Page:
Posted on: September 21, 2011 9:05 am
Edited on: September 21, 2011 9:07 am
By Jeff Goodman
The Pac-12 may have just saved the Big 12.
League commissioner Larry Scott announced late last night that the Pac-12 would remain a 12-team conference.
"While we have great respect for all of the institutions that have contacted us, and certain expansion proposals were financially attractive, we have a strong conference structure and culture of equality that we are committed to preserve," Scott said in a statement. "With new landmark TV agreements and plans to launch our innovative television networks, we are going to focus solely on these great assets, our strong heritage and the bright future in front of us."
There was a possibility that Texas, Oklahoma, Oklahoma State and Texas Tech were headed from the Big 12 to the Pac-12, which would have triggered wholesale changes on the conference landscape. That would have left the Big 12 extremely vulnerable with just Kansas, Kansas State, Missouri, Baylor and Iowa State.
Certainly, Texas and its new Longhorn Network had something to do with the fact that the Pac-12 opted against expansion. The league was adamant that the revenue would be split equally.
However, this decision by the Pac-12 doesn't mean this game of league musical chairs is over. They'll be more maneuvering, whether it be the ACC and Big East adding a couple more teams, the SEC grabbing one or even the Pac-12 - down the road - opting to expand.
But it's no longer complete mayhem.
The Pac-12 is still a league on solid footing without the four schools under consideration. Obviously, Texas would have heightened its profile - but the financial risk didn't outweigh the reward.
The Big 12 has nine members after Nebraska and Colorado already left and Texas A&M is headed to the SEC. It will likely try and pluck another school in order to get to 10.
The Big East would then likely stay together as a football-basketball league despite the impending losses of Pittsburgh and Syracuse. The conference sits at 15 schools with the addition of TCU, but there's still a possibility that a couple of its members - UConn and Rutgers being the prime candidates - go elsewhere.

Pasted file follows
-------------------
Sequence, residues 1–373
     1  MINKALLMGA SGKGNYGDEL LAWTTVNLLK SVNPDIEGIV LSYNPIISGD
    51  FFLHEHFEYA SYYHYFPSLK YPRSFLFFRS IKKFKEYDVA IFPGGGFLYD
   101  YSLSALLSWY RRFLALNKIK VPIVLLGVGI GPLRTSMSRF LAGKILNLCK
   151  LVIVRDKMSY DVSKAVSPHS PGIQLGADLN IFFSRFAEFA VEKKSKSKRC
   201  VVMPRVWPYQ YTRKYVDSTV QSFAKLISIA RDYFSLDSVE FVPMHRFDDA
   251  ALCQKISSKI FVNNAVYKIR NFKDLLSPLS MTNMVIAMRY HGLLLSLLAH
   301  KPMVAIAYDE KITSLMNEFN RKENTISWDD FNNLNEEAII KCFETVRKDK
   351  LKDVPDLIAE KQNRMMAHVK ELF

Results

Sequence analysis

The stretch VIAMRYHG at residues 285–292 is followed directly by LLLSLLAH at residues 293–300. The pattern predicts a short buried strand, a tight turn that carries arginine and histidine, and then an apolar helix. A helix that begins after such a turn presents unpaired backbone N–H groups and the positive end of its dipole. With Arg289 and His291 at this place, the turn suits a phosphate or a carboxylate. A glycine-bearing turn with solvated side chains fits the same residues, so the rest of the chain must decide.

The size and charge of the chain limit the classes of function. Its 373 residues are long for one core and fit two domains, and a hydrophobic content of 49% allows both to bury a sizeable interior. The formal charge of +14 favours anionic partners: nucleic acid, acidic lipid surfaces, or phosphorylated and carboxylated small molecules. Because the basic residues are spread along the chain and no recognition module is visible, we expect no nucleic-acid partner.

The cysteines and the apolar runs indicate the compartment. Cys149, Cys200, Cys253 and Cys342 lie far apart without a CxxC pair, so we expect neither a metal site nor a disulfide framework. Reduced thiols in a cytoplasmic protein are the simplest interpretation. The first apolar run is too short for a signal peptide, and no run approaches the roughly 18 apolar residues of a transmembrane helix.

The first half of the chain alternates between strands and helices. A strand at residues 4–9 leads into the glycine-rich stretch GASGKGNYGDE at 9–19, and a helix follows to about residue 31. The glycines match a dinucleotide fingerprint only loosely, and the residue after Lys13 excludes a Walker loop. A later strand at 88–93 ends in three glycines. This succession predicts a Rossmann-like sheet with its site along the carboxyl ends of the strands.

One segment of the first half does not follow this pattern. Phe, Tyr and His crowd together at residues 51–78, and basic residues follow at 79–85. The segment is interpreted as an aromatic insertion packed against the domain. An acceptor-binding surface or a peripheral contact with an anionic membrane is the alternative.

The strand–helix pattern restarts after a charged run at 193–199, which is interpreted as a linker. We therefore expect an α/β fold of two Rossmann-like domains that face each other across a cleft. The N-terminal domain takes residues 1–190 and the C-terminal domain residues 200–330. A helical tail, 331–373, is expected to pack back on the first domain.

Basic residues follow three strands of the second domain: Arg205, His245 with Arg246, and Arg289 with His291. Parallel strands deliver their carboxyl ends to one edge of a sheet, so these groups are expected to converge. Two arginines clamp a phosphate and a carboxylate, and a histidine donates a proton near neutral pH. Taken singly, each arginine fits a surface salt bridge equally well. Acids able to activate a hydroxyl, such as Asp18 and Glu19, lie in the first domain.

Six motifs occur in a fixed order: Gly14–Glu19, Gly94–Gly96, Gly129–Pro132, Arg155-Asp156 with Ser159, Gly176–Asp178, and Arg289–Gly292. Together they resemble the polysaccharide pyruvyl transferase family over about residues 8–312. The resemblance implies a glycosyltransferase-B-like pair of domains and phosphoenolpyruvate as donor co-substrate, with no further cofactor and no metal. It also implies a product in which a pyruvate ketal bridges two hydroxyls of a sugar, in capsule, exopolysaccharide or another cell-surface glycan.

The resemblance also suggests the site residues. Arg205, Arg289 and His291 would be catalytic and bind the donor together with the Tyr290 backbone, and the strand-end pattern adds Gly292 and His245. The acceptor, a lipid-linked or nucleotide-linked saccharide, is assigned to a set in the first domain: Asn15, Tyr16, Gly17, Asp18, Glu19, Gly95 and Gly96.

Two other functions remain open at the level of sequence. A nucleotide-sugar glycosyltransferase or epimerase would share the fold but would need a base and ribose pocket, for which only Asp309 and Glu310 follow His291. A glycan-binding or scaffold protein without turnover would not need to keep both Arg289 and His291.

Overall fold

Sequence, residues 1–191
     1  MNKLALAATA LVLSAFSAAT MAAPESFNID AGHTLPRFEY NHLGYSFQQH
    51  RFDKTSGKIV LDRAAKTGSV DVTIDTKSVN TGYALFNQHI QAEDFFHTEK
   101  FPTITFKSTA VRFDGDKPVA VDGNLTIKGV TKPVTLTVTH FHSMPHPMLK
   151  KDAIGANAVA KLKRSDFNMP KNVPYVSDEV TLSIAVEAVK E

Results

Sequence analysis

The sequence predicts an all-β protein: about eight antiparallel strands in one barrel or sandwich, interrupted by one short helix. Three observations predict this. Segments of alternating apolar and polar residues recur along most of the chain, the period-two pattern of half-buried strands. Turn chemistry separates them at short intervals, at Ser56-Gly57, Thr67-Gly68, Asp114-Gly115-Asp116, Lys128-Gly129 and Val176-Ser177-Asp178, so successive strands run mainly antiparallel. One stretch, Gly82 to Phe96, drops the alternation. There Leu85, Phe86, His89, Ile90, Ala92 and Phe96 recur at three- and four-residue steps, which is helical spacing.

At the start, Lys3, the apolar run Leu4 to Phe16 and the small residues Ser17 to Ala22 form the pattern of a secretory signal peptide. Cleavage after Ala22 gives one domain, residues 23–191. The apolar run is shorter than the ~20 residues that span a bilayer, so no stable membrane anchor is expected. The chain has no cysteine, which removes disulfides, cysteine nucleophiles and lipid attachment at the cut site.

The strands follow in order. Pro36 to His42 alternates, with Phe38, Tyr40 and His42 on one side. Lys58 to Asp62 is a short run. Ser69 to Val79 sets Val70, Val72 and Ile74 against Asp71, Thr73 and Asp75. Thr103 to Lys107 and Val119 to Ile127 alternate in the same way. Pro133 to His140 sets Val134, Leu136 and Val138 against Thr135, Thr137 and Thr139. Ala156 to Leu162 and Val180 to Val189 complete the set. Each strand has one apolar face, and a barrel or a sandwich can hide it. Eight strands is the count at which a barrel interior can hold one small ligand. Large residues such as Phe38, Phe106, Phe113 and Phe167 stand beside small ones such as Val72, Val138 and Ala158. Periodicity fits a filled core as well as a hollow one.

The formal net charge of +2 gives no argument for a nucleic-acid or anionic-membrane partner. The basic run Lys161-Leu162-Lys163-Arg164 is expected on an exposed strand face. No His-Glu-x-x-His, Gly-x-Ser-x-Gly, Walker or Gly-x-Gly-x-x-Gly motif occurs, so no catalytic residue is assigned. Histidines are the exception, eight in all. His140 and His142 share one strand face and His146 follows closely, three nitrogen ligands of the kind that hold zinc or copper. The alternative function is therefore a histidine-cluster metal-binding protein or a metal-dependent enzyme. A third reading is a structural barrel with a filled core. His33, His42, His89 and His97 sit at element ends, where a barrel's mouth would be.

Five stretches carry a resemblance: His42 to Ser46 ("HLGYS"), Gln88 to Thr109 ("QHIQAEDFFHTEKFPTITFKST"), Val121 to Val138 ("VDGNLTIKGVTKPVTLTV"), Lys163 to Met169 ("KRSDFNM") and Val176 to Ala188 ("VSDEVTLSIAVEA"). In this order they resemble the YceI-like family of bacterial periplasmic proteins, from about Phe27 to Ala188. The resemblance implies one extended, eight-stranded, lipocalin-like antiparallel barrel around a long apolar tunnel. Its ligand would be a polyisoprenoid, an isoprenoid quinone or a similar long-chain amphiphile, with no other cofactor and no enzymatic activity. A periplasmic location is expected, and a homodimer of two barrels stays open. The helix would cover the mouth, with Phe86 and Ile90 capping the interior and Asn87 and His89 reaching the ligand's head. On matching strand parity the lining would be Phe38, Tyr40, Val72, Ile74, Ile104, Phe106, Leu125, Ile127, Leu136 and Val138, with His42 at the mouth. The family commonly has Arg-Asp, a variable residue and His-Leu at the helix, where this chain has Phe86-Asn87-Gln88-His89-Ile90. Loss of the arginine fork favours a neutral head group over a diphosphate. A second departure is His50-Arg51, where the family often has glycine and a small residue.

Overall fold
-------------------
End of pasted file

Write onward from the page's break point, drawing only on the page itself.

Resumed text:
So, while there's still movement on the horizon, the Pac-12's decision brought a little clarity to an arena in which it's clearly needed.
Posted on: September 20, 2011 5:22 pm
Texas freshman Myck Kabongo might be the nation’s best incoming point guard. He’s also apparently the best rapper in college basketball.
Of course, we’ve all heard the basketball player-turned-rapper routine before. Kobe Bryant, Allen Iverson, Shaquille O’Neal, Ron Artest – they’ve all tried it. Aside from a catchy verse here and there, most athlete/rappers are fairly awful.
Kabongo is confident he won’t be like that.
“When people hear the music, they’ll see it’s not just another basketball player trying to rap,” Kabongo told Jason Jordan of ESPN.com. “I didn’t want it to be corny or anything like that. It’s really good and I guarantee that it’ll be better than what people expect.”
Kabongo, whose stage name is Yung Swag, is a Canada native who had one of the more infectious personalities in the class of 2011. That undoubtedly will help in his quest to be a successful rapper.
“It’s just in me,” Kabongo said. “It’s something that I used to play around with and grew to really love. So I decided to do it for real.”
Kabongo will release a 15-track album next spring entitled “Late Nights and Early Mornings.” He has a feature from Kevin Durant on the album, which is sure to attract some extra attention to the album. Kabongo said it won’t be for sale, but he will make it available for everyone to hear.
With features from Durant and a stamp of approval from Austin Rivers (“Everything I’ve heard from him goes hard. He’s nice.”), Kabongo could rival Tennessee’s Renaldo Woolridge a.k.a. Swiperboy for the top dog in college basketball rapping.
Maybe someone can set up a freestyle battle – and a one-on-one game.
Photo: High School Hoop
Posted on: September 19, 2011 1:00 pm
Edited on: September 21, 2011 1:03 pm
By Matt Norlander
Who better to have on Monday's podcast than the man responsible for so much of the newsbreaking over the weekend? Our Brett McMurphy hopped on with me to talk about his reporting of the ACC/Big East mess and who/what/why is next. This conference talk is as much about reaction as it is prediction, so we ride both sides of that seesaw.
For instance, isn't the SEC a little too quiet right now? The conference sits at 13 teams. That can't last for long. Is the Pac-12 going to become the Pac-16 by week's end? How is Texas holding all of this up, and is the Longhorn Network just an albatross at this point?
McMurphy's blog should be in your daily rotation at this point. And follow him on Twitter. Guy's practically doubled his follower count in the past week. Love it. The 'Stache is mighty powerful these days.
If you please, here's the link for iTunes subscription. The podcast goes up a few minutes after it's live here on the blog, so be sure to subscribe. Or, if you're just hanging out, click the player below and enjoy.